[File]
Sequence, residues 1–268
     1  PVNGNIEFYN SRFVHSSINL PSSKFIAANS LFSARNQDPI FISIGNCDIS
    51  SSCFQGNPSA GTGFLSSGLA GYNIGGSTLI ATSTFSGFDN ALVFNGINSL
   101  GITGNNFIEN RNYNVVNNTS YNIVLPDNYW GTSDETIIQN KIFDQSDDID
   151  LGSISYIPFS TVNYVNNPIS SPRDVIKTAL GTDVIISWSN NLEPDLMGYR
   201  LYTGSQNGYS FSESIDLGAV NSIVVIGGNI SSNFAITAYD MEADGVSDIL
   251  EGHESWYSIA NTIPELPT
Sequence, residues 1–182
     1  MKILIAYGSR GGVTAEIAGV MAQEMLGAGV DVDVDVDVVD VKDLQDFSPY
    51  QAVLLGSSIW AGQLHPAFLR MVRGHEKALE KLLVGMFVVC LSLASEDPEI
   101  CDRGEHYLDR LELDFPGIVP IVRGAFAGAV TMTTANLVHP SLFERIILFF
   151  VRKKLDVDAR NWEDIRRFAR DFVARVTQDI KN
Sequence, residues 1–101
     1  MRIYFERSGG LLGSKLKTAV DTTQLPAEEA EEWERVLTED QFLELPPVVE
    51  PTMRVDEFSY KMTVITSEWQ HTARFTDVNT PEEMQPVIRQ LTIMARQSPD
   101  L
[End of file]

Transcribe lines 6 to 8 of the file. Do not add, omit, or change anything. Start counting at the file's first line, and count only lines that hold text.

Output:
   201  LYTGSQNGYS FSESIDLGAV NSIVVIGGNI SSNFAITAYD MEADGVSDIL
   251  EGHESWYSIA NTIPELPT
Sequence, residues 1–182